On December 3, CUPE Ontario marks International Day for Disabled Persons. We celebrate our collective advancements, and we join others in redoubling our efforts to remove the many barriers which remain.

One of the clearest lessons of COVID-19 is that it does not impact all of us equally. We’ve learned that people living with disabilities are more susceptible to contract the virus and to experience its more severe impacts. And if they do contract the virus, the province has failed to offer enough support. We’ve seen the mental health impact of this crisis, and how it’s disproportionately effecting those who were already struggling.

The Ford Conservatives have scaled back mobile testing, which is a necessity for people who aren’t able to leave their homes or who have limited mobility. Because many caregivers aren’t provided with the PPE they need, many of the people of disabilities they care for are forced to provide them out of pocket.

With COVID-19 putting a strain on our hospitals, there are also increasing concerns about the rationing of ventilators or intensive care beds and whether the protocols would be discriminatory towards people with disabilities. The work of ARCH Disability Law Centre and the AODA Alliance in calling for equitable protocols is something CUPE Ontario echoes.

On International Day for Disabled Persons, we recognize the multiple ways people with disabilities are mistreated in our society. Sometimes to violent ends, like when Somali-Canadian Abdirahman Abdi died after a violent arrest by Ottawa police officers while experiencing a mental health crisis. Just last month, one of the officers was acquitted. But the question of how we collectively handle mental health crisis so that they don’t end in anyone’s death, must be asked by all of us.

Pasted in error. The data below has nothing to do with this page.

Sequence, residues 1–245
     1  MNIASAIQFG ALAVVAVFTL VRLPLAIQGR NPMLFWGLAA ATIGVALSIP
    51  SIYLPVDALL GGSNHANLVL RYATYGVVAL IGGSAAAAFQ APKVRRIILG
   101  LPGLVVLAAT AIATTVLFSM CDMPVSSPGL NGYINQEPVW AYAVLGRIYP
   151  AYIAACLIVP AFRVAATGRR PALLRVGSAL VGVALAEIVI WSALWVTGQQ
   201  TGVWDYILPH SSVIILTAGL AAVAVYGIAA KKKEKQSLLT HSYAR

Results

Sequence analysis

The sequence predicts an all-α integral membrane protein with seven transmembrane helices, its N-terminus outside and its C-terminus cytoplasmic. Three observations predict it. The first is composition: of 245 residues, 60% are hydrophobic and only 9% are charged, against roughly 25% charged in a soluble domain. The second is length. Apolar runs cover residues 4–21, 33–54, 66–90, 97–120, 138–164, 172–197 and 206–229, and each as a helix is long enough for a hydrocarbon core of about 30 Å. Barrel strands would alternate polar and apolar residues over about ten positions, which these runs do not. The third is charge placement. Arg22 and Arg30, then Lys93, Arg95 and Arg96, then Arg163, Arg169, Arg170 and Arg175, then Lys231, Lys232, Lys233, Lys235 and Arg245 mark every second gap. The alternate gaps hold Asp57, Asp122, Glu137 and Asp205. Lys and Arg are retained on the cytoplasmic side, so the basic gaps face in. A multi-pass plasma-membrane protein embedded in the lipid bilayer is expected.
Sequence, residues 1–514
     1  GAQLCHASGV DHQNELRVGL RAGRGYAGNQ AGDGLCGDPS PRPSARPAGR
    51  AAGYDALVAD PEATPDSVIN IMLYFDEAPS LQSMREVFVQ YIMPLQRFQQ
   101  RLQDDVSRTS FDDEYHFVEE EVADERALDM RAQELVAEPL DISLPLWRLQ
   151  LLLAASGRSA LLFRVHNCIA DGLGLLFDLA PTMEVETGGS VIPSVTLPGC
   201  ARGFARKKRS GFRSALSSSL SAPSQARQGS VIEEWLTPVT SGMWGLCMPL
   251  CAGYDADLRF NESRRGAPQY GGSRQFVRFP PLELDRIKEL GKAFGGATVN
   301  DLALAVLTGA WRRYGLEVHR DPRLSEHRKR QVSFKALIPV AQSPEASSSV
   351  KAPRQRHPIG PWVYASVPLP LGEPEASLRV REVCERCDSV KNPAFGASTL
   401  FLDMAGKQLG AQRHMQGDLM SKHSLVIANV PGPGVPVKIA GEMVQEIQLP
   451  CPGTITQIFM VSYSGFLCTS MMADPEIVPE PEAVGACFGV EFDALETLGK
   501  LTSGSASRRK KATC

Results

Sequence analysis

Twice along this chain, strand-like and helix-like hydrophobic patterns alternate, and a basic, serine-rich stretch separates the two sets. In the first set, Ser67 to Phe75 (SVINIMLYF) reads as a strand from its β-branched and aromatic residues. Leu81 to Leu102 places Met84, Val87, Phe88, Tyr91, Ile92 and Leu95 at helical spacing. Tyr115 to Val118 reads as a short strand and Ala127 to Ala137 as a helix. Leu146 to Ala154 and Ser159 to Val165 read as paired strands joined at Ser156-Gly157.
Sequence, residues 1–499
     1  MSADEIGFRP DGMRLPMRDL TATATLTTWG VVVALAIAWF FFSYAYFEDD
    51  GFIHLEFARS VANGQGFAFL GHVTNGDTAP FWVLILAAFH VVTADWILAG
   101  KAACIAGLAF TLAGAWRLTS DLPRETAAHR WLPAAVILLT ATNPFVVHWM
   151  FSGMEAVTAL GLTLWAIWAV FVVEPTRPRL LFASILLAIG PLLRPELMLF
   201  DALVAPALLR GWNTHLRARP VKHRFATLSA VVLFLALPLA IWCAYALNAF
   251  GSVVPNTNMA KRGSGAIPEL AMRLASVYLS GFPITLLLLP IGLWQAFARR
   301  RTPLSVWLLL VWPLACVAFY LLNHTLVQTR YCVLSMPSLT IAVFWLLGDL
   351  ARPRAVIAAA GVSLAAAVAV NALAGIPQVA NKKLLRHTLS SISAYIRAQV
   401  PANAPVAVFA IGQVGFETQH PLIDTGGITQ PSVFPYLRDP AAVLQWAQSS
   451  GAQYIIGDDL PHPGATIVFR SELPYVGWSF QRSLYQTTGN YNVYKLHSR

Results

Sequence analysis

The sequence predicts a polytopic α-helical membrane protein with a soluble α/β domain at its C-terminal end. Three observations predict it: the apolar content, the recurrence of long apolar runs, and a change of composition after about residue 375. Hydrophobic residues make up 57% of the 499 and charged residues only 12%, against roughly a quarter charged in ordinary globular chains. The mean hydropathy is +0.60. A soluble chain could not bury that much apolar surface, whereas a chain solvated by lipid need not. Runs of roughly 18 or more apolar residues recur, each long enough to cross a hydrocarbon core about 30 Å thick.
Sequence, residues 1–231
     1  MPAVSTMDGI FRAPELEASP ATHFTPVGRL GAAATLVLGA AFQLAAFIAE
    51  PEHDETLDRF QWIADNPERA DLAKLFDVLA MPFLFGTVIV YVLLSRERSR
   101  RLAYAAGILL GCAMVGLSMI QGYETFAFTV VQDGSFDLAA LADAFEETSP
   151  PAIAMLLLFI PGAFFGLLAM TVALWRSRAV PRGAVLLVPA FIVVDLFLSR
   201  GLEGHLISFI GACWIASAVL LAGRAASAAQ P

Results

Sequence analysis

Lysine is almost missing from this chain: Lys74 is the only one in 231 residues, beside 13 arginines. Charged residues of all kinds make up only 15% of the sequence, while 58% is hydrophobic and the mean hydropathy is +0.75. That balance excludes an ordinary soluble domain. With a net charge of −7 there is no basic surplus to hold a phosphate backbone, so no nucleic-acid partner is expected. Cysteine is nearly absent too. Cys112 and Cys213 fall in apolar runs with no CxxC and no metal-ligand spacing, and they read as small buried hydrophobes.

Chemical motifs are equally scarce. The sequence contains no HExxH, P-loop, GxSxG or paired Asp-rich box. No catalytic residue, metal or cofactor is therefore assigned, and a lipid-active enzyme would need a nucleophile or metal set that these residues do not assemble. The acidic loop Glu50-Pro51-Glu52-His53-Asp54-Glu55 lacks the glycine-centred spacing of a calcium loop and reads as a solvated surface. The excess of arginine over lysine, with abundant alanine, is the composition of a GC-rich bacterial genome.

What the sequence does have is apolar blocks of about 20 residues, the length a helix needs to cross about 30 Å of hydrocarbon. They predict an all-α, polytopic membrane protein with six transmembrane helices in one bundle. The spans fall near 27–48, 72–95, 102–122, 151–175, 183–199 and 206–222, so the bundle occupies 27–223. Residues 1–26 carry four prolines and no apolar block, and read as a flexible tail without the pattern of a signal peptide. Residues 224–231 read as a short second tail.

It’s time to escalate our efforts to ensure equity for all. It’s time to take the lead of CUPE Ontario’s own Workers with Disabilities committee, which has been on the front lines of that critical work. “As a person with a disability, receiving good quality homecare services means being able to live independently at home and in my community with dignity and respect,” said Michele Gardner, co-chair of the committee about the Ontario NDP’s plan to rehaul home care and to make housing accessible for all. “This new homecare plan means better quality of care, services for those who need them and better working conditions for home health care workers.”

More than ever, it’s time to make disability justice a prominent aspect of our work.

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